Let’s get this out of the way first: Big Red is a boy-meets-dog story in which the dog doesn’t die in the end. That won’t come as much of a surprise once you begin reading, because Big Red, like his seventeen-year-old trainer Danny, is a survivor.
This book was originally published in 1945, and the publisher’s blurb read:
“Big Red” was a champion Irish setter; Danny a young trapper who knew more about the ways of varmints and hounds than of the world of fancy kennels and dog shows. But Red’s owner knew a good dog man when he saw one, and entrusted Red to Danny’s training.
I read this book many times while growing up, and I enjoyed it. But reading it again this year, I realized just how much rugged goodness I had taken for granted.
The “young trapper” Danny and his father live in a shack in the Wintapi, New York, wilderness. They squatted there years before the vast acreage was bought up by Mr. Haggin, and they live there still under an agreement in which Mr. Haggin allows them free run of the forest, requiring only that they leave the most valuable timber uncut.
Danny’s father, Ross, is a widower and poor by nearly any standard. But as a woodsman, he supports himself without needing anything he cannot earn from the wilderness. Hunting, trapping, fishing, foraging, and husbandry are his daily life, and he has passed these skills on to Danny. The two of them live in a harmonic interdependence–each determinedly self-reliant, seeking to be the giver rather than the recipient, yet easily accepting from one another the services they cannot perform for themselves.
I love the way Kjelgaard makes plain the love between father in son, and that they are both aware of this love, without either of them needing to say it aloud. I was struck by Ross’ stubborn respect for Danny’s decisions, even when he feels hurt by them, and by Danny’s sincere desire to please his dad even when his conscience prevents it.
Mr. Haggin quickly becomes the second-most influential person in the Danny’s life. Throughout the story, the wealthy man’s most notable characteristic is the dignity with which he treats every creature he touches. Mr. Haggin is not a soft man, but it’s his pragmatic brand of generosity that allows the story to happen at all.
An Irish Setter might seem like a strange companion for a deep-woods trapper, because it is. Setters are show dogs and bird-hunting dogs; trappers are best served by hounds. But Red (Mr. Haggin’s dog) is a beautiful animal whose perfection Danny intuitively understands and loves. The tension between their separate estates drives much of the story’s conflict and character growth. Love brings boy and dog together, but it is Danny’s willingness to change that binds them.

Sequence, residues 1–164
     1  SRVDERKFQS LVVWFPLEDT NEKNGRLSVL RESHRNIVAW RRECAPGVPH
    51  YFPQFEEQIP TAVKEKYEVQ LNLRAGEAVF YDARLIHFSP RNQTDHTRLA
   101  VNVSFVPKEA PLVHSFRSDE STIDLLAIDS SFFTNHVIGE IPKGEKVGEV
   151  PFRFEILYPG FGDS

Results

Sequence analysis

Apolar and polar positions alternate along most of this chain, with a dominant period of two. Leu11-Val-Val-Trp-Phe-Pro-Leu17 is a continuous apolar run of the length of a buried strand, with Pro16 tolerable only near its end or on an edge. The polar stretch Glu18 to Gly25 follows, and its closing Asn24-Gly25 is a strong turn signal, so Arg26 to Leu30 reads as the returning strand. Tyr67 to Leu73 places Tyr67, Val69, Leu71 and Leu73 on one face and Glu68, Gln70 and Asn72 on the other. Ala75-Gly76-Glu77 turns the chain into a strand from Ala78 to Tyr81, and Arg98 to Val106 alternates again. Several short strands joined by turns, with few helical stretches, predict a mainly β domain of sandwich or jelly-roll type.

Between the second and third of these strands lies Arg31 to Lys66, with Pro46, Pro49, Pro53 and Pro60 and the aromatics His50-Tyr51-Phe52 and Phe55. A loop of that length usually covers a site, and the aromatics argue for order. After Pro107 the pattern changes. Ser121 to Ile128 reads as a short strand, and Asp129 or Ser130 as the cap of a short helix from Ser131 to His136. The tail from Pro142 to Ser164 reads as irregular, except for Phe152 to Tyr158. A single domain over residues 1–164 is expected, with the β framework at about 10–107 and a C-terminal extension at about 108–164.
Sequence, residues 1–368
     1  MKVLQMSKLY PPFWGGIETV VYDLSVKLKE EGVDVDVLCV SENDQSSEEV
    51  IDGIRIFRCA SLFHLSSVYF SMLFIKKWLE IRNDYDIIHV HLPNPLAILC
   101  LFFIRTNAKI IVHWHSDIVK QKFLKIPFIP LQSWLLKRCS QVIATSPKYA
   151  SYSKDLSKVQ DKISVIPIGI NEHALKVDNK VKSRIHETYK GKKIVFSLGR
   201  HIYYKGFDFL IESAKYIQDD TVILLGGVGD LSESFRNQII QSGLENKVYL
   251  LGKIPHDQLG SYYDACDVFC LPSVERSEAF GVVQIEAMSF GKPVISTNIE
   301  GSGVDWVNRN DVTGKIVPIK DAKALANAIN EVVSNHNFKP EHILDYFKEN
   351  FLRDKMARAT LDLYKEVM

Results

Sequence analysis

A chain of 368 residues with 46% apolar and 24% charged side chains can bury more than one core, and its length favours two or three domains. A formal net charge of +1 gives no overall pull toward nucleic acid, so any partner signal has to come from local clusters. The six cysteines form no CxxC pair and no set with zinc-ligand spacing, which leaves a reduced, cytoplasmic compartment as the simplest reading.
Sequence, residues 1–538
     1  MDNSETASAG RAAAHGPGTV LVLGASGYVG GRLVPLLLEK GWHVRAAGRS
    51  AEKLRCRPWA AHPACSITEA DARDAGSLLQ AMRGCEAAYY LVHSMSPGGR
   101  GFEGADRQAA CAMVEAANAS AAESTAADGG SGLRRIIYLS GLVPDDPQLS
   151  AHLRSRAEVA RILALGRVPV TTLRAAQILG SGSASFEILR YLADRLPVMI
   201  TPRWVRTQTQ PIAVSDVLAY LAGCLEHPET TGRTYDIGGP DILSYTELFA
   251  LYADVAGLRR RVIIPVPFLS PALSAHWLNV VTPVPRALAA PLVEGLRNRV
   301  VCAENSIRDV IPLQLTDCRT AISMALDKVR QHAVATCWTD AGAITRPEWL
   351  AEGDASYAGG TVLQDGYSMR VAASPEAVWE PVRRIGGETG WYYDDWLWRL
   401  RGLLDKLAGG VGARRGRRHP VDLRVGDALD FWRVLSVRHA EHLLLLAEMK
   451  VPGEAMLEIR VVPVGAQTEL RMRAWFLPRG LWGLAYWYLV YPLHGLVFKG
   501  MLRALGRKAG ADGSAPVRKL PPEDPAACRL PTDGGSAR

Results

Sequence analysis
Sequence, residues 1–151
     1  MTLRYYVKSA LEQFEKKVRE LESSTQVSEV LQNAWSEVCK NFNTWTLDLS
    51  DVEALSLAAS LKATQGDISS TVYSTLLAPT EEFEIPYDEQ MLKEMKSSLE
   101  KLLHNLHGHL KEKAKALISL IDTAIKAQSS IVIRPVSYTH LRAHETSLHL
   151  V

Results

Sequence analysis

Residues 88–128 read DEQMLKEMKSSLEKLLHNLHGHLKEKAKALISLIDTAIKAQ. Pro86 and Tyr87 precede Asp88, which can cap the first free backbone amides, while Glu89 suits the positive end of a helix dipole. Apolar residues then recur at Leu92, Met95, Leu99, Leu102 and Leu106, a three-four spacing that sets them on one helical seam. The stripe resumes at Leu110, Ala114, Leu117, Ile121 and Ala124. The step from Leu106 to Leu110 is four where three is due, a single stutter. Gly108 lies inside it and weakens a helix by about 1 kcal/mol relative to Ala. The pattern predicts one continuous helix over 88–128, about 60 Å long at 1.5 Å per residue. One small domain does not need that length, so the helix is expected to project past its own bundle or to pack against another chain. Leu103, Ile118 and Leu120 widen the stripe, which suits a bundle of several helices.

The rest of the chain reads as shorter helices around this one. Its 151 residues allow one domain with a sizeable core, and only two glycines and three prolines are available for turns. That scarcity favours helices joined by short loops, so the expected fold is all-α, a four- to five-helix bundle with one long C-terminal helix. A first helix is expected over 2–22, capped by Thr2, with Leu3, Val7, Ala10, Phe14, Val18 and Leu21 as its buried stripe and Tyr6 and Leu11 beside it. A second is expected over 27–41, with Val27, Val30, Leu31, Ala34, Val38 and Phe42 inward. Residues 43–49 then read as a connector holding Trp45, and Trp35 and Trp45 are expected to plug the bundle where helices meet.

Old Majesty is an enormous, almost-mythical specimen of a black bear. He fills the role of Monster In The Dark, an impossible dragon for the hero to slay. He is an early influence drawing Danny, Red, and Mr. Haggin together. He provides the greatest threat to, and ultimately the fulfillment of, Danny’s dreams. Most of all, Old Majesty embodies the untamed, destructive, yet untainted power of the wilderness where Danny lives.
The seasons change several times over the course of this story, and Kjelgaard allows us to see, hear, smell, and taste a forest very like the one where I grew up. It is clear that he lived in, and loved, a place nearby; he describes flora and fauna, hill and stream, with the insight of a practical naturalist. As I read Big Red this time, it was pleasant to see how the author used the steady steps of the men, the dog, and the bear as stitches that sew together the changing moods of his wilderness setting. Big Red is a book of hardscrabble virtue and I think it should be part of every boy’s life.
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Amanda Cleary Eastep says
Wonderful reflections and an encouragement to us grown-ups to re-read the stories that shaped us. I wonder if what you defined as a “taking for granted” was simply a limited perspective. I’ve found that with the best children’s books, and even with Scripture, one of the reasons they are so inherently good and wise and valuable is because they speak ageless truths that we understand differently at different times in our lives. If a good book is like a jewel, then I can appreciate it as a whole while sometimes observing different facets or characteristics. So while A Wrinkle in Time, the Chronicles of Narnia, and From the Mixed-Up Files of Mrs. Basil E. Frankweiler didn’t hold the same sparkle when I re-read them as an adult, they did reinforce my love of story and of “whatever is good” and of almost magic. And (to Madeleine L’Engle’s thoughts on aging), they spoke differently to all the ages I have ever been. Big Red sounds like a wonderful book. Thank you for sharing it, James.
James D. Witmer says
Well, I was a very long time discovering your comment, but I appreciate it nonetheless! I think you’re right about how our appreciation changes over time, without necessarily growing any less. Thank you, Amanda!